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Latino workers vital to Michigan dairy sector

By Jeremy C. Nagel
AgriNotes & News

LANSING — Fruit and vegetable growers aren’t the only segment of Michigan’s vast agriculture industry clamoring for comprehensive, federal-level immigration reform. Dairy farming remains the single largest component of the state’s expanding farm sector, and Hispanic workers have become integral to our milk industry.

Kerry Nobis manages a staff of 23 full-time workers year-round “on the cow side” of his family’s 1,000-head dairy farm outside St. Johns in Clinton County. Currently his crew is more than half Hispanic, although that percentage represents an ongoing shift from what’s been the norm there for decades.

“For a long time Latinos were the only people applying for these jobs, but that’s been changing over the past few years,” Nobis said. “We’ve had the bad economy and factory jobs are a distant memory, but agriculture keeps growing. There are a lot of jobs in our industry, and I think people are beginning to appreciate that more than they have in the past.”

In recent years Nobis has turned to Michigan Works! to help fill vacancies on his crew, but openings aren’t common — turnover is low.

“Agricultural jobs can be immensely rewarding,” said Craig Anderson, agriculture labor and safety services manager for Michigan Farm Bureau (MFB). “Farm work builds a respect for nature, enriches your understanding of how things work and develop an unquestionable work ethic that employers respect. These are qualities you can’t learn in school.”

“We have people who’ve milked cows for us over 10 years, and they just want to stay,” Nobis said. “They’re paid well and earn regular raises. They make enough that they’ve stayed here — it’s a career — we pay our people well and provide them means for advancement.”

The USDA’s National Farm Labor Survey found hourly earnings for non-supervisory farm laborers averaging between $10.50 and $10.80 since 2007. The average hourly livestock worker wage in 2011 was $11.60 and the mean hourly wage of all farmworkers was nearly $14.

“I wouldn’t hesitate to call dairy farm work a skilled trade; these folks could easily go somewhere else if they wanted to. But every person here, they’re building a life — they’re members of the community, their kids are in school with my kids and they have a diverse group of friends,” Nobis said. “They’re part of our community and they want to do this for a living. They don’t want to go back to Mexico.”

And from Nobis’ perspective, it’s the obligation of Americans to foster and encourage the work ethic that has forged every wave of immigrants into every next American generation for more than 200 years.

“I don’t want to say Latinos are more ambitious than any other group, but right now I’ll say they’re certainly more conscious of the American dream, and it’s fun and rewarding to be a part of that,” he said. “They’re living the American dream, and as Americans we should facilitate that — we should be proud of that.”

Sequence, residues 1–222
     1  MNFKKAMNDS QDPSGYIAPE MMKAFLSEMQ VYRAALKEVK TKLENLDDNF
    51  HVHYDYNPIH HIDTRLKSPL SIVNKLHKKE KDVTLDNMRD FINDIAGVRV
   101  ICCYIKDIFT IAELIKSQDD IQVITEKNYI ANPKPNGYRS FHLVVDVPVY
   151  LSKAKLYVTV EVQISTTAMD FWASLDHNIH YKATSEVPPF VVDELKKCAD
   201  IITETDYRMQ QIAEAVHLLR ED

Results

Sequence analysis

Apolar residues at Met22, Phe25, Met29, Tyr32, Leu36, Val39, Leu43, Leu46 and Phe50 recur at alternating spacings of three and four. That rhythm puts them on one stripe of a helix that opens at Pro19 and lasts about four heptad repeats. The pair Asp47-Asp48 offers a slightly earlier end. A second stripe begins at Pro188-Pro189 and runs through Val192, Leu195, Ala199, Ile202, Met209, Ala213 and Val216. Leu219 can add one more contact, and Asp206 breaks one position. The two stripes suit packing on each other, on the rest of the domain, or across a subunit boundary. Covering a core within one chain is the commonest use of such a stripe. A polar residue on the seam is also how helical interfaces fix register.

Almost 70 percent of Michigan Hispanics age 45 or older are homeowners, Anderson said. Their family members are also working, attending college and buying businesses of their own.

Nobis says the specter of losing all they’ve worked for haunts Hispanic farm workers regardless of what kind of business employs them. In his experience, the notion that Latinos working on American farms are simply piping their earnings straight back to Mexico is a tired misconception.

“One young woman who works here came to America when she was six years old. Now she’s 20, in college, and she’s terrified she’ll have to go back to Mexico someday,” he said. “It’s a terrifying thought to her — that she could be uprooted and returned to a country that offers little opportunity and headline-making violence.”

Nobis explains the woman’s legal status is currently — but for only a two-year period — protected by the Deferred Action for Childhood Arrivals executive order that provides conditional relief from deportation for foreign workers who arrived as minors and attend American schools, demonstrate “good moral character,” meet certain residency requirements and provide the government with all the information to allow deportation in the future.

“Deferred Action for Childhood Arrivals is a little Band-Aid on a deep wound, caused in large part by a regulatory and enforcement system that has failed to respond modern workforce needs,” Anderson said. “We’ve got decision-makers locked in a World War II mindset, refusing to even acknowledge that our immigration laws are broken.”

Nationally, deportations have risen dramatically in the past decade, from 165,000 in 2002 to almost 410,000 in 2012. Aggressive state-level initiatives have made Hispanic populations fearful regardless of their status.

“From my perspective, it’s a humanitarian issue above anything else,” Nobis said. “I’ve heard enough from other dairy farmers to know they come from the same perspective — that they’re people first and foremost, not just workers.”

While he’s encouraged the issue has finally made it to Congress’ front burner, Nobis doesn’t sound overly optimistic about the odds immigration reform faces in the House of Representatives. Current law provides some immigration programs for most employment, school and sports activities, but not dairy farms or other full-time agricultural jobs.

“I’ll be honest: I don’t have a lot of faith in their humanitarian instincts,” Nobis said in reference to Congress. “I want to but I don’t. Something’s going to have to tilt the balance, and that’ll only happen when the political leadership finally sees there are votes tied to it.”

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